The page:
SAUCES

Although I love the time that I get to spend outside and the great physical exercise and mental therapy that I get tending my garden, gardening is not my first choice in hobbies, cooking is my real passion. Luckily they go hand in hand. What is better for someone who loves to cook than having ultra fresh, quality ingredients right in the back yard?

These sauces are unique in style and flavor compared to what is available in our local markets. I thought that it would be fun, interesting and mostly handy to have these sauces in the fridge to be able to pull off meals or appetizers on the fly, and I was right. We all need quick, healthy and delicious pantry items available for instant meals when we are out of time, creative ideas, when guests suddenly show up or even as a quick gift to bring to a party.

My sauces are usually based on what I am growing here on the farm, but sometimes I will create something new because there is simply a need, for example everyone needs a great fresh Mexican Salsa, even though I do not always have tomatoes in the garden, and Old El Paso just does not make the cut. I have a lot of fun coming up with recipes to "put up" or use up whatever is in season at the time.

I do want to point out that I can not make my sauces completely organic. Sometimes it is not economically feasible to use all organic ingredients or there is not an organic alternative available. I do strive to use the highest quality ingredients that I can such as Extra Virgin and lighter flavored Olive Oils, Turbinado (natural) Sugar, high quality spices from Penzey's Spice Company and Kosher Salt.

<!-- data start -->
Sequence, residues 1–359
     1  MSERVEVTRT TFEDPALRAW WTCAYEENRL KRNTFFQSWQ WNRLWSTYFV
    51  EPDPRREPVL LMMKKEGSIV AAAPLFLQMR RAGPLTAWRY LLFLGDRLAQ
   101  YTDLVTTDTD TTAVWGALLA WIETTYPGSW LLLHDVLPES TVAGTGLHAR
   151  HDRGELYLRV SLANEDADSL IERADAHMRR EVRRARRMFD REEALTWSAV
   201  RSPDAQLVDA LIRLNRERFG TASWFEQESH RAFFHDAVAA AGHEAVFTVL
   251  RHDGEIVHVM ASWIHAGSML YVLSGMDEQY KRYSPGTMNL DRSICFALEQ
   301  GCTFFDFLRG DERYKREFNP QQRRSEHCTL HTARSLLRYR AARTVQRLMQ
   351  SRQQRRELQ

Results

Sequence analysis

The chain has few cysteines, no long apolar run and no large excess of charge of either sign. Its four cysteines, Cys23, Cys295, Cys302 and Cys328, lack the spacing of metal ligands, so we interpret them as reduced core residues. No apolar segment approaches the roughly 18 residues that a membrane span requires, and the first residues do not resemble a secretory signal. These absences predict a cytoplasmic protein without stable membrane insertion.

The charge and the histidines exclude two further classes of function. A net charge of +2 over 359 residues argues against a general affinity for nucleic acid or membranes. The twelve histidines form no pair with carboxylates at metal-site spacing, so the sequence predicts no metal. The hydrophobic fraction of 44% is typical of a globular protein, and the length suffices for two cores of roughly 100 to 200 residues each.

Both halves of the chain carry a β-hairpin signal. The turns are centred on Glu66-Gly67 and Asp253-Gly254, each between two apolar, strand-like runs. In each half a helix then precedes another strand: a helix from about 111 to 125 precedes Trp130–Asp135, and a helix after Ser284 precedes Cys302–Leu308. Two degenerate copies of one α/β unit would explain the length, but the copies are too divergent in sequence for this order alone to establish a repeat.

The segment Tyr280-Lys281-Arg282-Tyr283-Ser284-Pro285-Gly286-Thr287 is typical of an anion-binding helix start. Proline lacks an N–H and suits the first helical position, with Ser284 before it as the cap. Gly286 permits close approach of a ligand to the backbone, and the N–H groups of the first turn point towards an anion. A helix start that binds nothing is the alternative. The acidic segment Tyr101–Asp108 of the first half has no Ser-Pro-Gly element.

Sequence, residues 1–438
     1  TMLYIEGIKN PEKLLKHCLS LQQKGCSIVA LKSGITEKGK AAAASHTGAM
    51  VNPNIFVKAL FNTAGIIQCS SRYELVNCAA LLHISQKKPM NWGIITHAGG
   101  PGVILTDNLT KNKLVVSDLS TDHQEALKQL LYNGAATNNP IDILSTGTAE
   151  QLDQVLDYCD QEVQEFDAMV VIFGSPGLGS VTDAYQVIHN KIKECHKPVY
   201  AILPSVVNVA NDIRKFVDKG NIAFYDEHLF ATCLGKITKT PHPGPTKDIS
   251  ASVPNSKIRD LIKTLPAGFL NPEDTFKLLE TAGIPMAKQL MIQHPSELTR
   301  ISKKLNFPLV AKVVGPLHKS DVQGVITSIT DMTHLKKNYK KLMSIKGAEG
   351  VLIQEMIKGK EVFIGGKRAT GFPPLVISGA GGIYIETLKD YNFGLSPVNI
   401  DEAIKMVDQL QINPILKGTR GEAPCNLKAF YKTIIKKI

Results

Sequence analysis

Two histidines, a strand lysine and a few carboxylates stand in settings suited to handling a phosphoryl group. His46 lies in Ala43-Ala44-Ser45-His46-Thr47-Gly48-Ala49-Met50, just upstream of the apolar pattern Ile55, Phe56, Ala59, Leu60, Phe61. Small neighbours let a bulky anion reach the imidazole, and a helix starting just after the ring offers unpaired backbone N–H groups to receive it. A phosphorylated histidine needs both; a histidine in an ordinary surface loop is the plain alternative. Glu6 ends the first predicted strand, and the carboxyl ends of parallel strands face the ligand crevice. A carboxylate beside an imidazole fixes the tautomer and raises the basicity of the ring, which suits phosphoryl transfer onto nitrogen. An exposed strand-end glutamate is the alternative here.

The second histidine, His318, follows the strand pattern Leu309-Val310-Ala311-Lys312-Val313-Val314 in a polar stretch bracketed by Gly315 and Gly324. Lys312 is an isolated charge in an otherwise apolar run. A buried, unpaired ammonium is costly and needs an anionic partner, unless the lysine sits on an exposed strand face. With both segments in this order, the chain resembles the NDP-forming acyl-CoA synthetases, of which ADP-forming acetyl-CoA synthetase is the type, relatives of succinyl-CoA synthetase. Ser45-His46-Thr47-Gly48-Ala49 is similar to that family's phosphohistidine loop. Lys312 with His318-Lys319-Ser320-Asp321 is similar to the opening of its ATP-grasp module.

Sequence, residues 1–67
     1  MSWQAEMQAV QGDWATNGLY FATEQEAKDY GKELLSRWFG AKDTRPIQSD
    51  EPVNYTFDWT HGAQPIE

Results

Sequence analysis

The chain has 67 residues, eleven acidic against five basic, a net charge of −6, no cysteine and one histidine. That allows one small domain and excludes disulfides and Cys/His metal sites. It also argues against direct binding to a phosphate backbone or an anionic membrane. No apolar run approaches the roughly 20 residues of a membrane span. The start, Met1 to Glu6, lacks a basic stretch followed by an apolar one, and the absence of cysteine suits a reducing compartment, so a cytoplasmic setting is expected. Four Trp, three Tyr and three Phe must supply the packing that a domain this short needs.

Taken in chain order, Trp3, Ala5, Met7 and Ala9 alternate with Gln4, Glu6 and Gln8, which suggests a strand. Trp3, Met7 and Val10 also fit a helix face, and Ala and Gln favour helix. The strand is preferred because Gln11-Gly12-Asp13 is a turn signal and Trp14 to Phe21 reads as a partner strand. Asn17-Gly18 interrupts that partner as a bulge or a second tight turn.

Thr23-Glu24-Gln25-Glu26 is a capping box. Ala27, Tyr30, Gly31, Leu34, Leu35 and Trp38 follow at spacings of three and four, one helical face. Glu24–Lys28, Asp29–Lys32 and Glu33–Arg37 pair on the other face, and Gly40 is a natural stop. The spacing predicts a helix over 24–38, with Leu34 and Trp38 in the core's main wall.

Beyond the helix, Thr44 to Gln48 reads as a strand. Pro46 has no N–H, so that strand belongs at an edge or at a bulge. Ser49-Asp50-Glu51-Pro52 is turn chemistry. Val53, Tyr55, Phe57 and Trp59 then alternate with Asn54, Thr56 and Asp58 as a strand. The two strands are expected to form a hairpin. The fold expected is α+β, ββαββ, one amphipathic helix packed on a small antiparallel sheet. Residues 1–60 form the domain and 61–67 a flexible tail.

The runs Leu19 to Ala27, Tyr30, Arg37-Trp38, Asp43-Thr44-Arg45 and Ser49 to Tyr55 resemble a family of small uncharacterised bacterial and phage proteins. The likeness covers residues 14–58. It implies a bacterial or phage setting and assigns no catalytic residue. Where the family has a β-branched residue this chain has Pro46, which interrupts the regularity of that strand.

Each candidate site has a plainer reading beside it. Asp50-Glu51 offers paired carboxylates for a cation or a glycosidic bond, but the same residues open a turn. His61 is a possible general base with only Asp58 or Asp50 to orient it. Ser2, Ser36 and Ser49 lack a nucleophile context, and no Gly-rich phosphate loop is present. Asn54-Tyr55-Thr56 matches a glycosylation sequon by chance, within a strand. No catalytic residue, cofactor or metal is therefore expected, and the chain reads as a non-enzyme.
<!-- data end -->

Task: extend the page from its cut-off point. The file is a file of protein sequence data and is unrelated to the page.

I make these sauces fresh, every week to ensure freshness. They need to be refrigerated. Even though I have done my share of canning and "putting up" food, I am at this time choosing not to "can" these sauces. I want to ensure fresh tasting products. With canning, I would have to cook the sauces, again in some cases, in their jars, to seal to lids. That obviously takes out the fresh quality.

My sauces are usually vegetarian, even vegan. I am not fancy with the packaging, I use recycled, sterilized jars and containers. They all should last for a very long time if kept in the fridge, but for reference, I have placed basic life terms in the description of each sauce.

Chile Pastes


Goan Style Indian Curry Paste


The food of Goa, which is located on the south-western coast of India, is based mostly of fish and coconut milk. Most Goan curries are usually yellow in color from the use of turmeric, cream and a slight sweetness from coconut milk and with a slight tang from tamarind. Mine has lots of turmeric and tamarind with Yellow Lemon Chile Pepper for a very small amount of heat ( it is really quite mild), ginger, onion, garlic and other Indian Curry spices. Throw a couple of tablespoons of the paste into a heated and oiled pan and saute for a minute or two and then add in the coconut milk. I spoon this over rice with sauteed veggies, chicken or fish and lots of chutneys and relishes as side dishes.

Harrisa – A Moroccan Chile Paste


Dried Red Chilies with lots of garlic and various spices, such as caraway and cumin that gives this chile paste a wonderful ethnic taste treat. Mix it with mayo for a sandwich spread or vegetable dip, drop a small spoonful into soups and stews and pastas. This is a common ingredient called for in Moroccan cuisine.

Skillet Serrano Hot Chile Paste - Sauce


This is a unique hot sauce. Mexican in style, I make this sauce with fire roasted onions and garlic. Different from the vinegar based hot sauces that is found in the market, this sauce is oil based. It has more of a pesto-like consistency. Where those other sauces would fail as a topping or a dip because of their thinness, this is a great topping on soups and stews or can be scooped as a dip. It is hot, with a rich flavor and unctuous texture, oh so good.